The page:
Although it is unlikely the translated images will be seen by many in North Korea – unless the North’s samizdat (“self-publishing”) purveyors are successful in moving these images around the country – it is clear that the social media explosion they’ve generated abroad is not something that Pyongyang’s @Uriminzok Twitter can spam away. But Twitter is hardly a priority for the regime, and in the absence of a coherent policy towards the North, silence is the regime’s greatest asset.

Indeed, revealing drawings of camp conditions have been featured in US media before. Over the course of the past few years, several US media outlets reviewed “Escape from Camp 14,” a 2007-Korean language memoir by the defector Shin Dong-hyuk translated into English. Shin had the supreme misfortune to be born of an inmate mother in Camp 14, located in the mountains 45 miles north of Pyongyang. Shin’s mother was “bought” by a lathe operator in the camp workshops, which is how she was able to avoid a forced abortion.

Shin’s account of his life in the camps – 24 years, from his birth until his successful escape in 2005 – took a surprising turn this year after his admission that he had actually been responsible for sending two prisoners to their deaths by reporting their escape plans to the guards. Shin, who was 14 at the time, confessed that he had done this to gain extra rations (but despite the camp hierarchy that sometimes rewards snitches, his “reward” turned out to be several weeks of brutal torture sessions).

Shin later admitted that two prisoners caught and executed on his testimony were his own mother and brother. At the time, “Shin thought she deserved to die,” his translator, Blaine Harden, wrote. But such betrayals are, as shown in Art Spiegelman’s “Maus,” a graphic novel recounting the life of his father Vladek, a Polish Jew and Auschwitz survivor, not exceptional in such camp systems. “Maus,” in fact, opens with Vladek saying to Art “Friends? Your friends? If you lock them together in a room with no food for a week, then you could see what it is, friends!”

Shin’s father is either still living in the camps, or may be dead. Defectors’ families are often executed or jailed, making every decision to leave behind a relative a life sentence or death warrant for that person, even if they knew nothing of the escape.

Romney Passes the Buck

Because Bain Capital did things between 1999 and 2002 that Mitt Romney doesn’t want to defend — such as exporting American jobs — Romney claims that its outsourcing program wasn’t his doing. He says he played no “active role” in deciding on Bain’s investments after 1999. But even if we take Romney at his word, does that mean he bears no responsibility for what his company did?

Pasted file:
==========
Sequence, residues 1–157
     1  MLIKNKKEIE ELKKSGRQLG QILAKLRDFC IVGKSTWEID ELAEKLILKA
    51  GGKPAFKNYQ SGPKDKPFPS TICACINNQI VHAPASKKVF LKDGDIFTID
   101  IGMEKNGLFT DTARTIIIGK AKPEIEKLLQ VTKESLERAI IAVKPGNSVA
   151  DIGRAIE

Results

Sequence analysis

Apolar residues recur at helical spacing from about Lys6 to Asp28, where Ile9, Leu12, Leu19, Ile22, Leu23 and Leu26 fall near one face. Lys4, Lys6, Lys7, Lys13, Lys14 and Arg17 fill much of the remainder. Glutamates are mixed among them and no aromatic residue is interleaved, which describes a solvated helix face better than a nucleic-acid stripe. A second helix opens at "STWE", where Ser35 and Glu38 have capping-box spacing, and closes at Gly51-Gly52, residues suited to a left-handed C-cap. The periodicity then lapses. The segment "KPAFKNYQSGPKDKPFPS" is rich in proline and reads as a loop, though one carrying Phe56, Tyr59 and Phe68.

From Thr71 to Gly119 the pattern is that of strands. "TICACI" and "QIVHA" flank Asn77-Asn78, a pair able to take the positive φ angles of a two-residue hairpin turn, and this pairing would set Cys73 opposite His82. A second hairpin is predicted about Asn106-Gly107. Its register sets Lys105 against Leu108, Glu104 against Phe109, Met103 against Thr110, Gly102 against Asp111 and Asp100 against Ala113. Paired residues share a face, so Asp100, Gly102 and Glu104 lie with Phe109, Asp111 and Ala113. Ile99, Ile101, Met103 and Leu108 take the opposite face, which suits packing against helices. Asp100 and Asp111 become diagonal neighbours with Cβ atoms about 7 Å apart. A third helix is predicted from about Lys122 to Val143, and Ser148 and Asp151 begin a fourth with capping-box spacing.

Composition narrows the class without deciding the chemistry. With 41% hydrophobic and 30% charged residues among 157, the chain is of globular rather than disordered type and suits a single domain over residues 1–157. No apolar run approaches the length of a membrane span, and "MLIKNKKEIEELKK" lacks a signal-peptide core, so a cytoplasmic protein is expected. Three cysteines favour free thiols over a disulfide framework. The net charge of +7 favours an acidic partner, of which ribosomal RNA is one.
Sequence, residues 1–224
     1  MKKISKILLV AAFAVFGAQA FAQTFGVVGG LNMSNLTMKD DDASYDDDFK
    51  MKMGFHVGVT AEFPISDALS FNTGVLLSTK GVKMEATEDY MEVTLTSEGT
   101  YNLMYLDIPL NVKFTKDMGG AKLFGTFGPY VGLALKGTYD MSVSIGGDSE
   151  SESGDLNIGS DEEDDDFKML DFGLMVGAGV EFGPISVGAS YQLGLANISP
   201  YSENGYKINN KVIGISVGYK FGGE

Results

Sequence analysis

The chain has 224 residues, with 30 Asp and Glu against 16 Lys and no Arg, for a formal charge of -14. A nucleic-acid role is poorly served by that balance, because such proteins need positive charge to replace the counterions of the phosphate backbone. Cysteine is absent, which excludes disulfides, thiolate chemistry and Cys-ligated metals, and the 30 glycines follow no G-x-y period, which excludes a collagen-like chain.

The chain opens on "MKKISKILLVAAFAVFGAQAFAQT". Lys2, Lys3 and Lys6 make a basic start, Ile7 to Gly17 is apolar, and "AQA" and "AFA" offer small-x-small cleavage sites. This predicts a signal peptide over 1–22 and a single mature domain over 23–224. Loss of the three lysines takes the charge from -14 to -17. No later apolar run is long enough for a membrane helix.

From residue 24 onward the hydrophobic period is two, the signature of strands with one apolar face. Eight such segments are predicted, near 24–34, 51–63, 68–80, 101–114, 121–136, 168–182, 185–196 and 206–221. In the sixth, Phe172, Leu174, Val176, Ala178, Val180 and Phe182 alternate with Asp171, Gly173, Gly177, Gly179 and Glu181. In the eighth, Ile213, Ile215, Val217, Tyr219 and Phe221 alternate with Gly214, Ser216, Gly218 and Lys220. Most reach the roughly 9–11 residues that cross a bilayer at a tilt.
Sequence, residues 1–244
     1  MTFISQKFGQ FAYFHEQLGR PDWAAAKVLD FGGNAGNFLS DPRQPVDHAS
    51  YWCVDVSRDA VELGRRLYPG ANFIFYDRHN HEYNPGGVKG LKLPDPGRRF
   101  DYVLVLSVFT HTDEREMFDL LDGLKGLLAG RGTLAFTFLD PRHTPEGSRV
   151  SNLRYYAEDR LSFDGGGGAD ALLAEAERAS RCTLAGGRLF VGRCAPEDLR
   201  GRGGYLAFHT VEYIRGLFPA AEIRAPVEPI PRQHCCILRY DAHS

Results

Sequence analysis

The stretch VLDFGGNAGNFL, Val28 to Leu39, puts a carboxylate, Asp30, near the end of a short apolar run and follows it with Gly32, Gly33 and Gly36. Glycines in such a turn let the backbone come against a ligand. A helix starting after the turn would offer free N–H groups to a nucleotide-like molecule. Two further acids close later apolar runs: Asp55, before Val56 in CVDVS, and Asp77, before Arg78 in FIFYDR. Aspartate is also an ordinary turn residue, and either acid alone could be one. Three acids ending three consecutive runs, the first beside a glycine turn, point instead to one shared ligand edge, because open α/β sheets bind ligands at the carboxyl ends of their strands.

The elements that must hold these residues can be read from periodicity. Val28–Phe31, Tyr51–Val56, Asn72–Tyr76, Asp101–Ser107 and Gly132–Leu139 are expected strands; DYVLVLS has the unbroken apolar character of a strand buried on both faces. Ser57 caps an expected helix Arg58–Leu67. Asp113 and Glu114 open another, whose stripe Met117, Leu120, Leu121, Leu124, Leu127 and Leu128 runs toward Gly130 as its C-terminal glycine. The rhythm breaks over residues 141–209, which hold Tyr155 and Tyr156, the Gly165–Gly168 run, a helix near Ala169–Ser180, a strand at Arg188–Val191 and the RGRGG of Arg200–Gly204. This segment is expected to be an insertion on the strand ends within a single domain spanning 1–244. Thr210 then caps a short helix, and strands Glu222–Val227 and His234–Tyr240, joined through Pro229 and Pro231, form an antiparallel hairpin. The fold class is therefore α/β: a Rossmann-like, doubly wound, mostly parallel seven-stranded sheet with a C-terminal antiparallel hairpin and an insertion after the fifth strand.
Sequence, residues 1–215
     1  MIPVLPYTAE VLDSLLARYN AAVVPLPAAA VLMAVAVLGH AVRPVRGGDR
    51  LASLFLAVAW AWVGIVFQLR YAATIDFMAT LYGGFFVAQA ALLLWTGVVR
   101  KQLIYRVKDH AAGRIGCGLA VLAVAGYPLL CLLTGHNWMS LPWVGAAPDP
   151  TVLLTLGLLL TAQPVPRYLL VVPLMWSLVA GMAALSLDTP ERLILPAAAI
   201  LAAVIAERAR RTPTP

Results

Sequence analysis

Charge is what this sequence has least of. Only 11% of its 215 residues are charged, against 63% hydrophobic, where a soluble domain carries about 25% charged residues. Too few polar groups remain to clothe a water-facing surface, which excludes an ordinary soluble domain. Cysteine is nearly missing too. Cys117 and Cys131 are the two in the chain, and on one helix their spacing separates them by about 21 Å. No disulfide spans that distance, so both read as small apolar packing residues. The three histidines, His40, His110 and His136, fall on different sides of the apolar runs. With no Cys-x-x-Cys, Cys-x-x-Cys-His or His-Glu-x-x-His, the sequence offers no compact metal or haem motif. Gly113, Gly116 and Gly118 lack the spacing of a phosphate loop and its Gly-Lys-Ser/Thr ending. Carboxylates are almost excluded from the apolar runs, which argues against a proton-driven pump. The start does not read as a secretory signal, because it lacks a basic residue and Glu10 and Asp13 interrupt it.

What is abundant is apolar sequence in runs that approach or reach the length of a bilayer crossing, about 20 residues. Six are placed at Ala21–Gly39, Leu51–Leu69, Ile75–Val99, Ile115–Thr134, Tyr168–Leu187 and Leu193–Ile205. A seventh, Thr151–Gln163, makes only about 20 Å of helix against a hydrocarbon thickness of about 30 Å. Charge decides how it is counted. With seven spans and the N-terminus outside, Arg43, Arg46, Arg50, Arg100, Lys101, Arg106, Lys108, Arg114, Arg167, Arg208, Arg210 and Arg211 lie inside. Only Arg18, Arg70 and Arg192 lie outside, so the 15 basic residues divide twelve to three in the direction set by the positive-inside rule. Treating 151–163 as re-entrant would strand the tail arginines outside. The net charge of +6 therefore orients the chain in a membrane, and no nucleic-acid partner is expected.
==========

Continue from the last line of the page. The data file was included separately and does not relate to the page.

Romney doesn’t dispute he was the 100-percent owner of Bain Capital in those years. Documents show he also held key management posts between 1999 and 2002. But let’s make believe that all of the government filings you’ve heard about, in which he described himself as the chairman of the board, CEO, president, and managing director, were pretend, and that as Romney now says: “I had no role whatsoever in the management of Bain Capital after February of 1999.”

So what? It was his company! He was the sole owner. He drew a $100,000 yearly salary. He profited handsomely from its business practices. And, certainly, as Bain Capital’s sole shareholder, he had total power to control the company.

That means the actions of Bain Capital were his responsibility.

He apparently chose not to exercise his power to micro-manage the company because he was happy with the job his employees at Bain Capital were doing — making a gigantic pile of money for him at the expense of working people whose jobs were sent overseas and whose companies went bankrupt under the weight of Bain-imposed debt. He’s still responsible for what his employees did, particularly because he does not claim the American-job-eroding actions were those of rogue employees.

If your dog gets loose and bites someone, aren’t you responsible, even if you didn’t deliberately unleash the dog? If you own a pizza chain and urge your drivers to make ever-faster deliveries, aren’t you responsible when someone gets run over by one of your drivers? And if you are the 100-percent owner of a multi-hundred-million-dollar enterprise, aren’t you responsible for what it does — regardless of whether you got into the details or instead told the managers to do whatever they’d like so long as the profits roll in?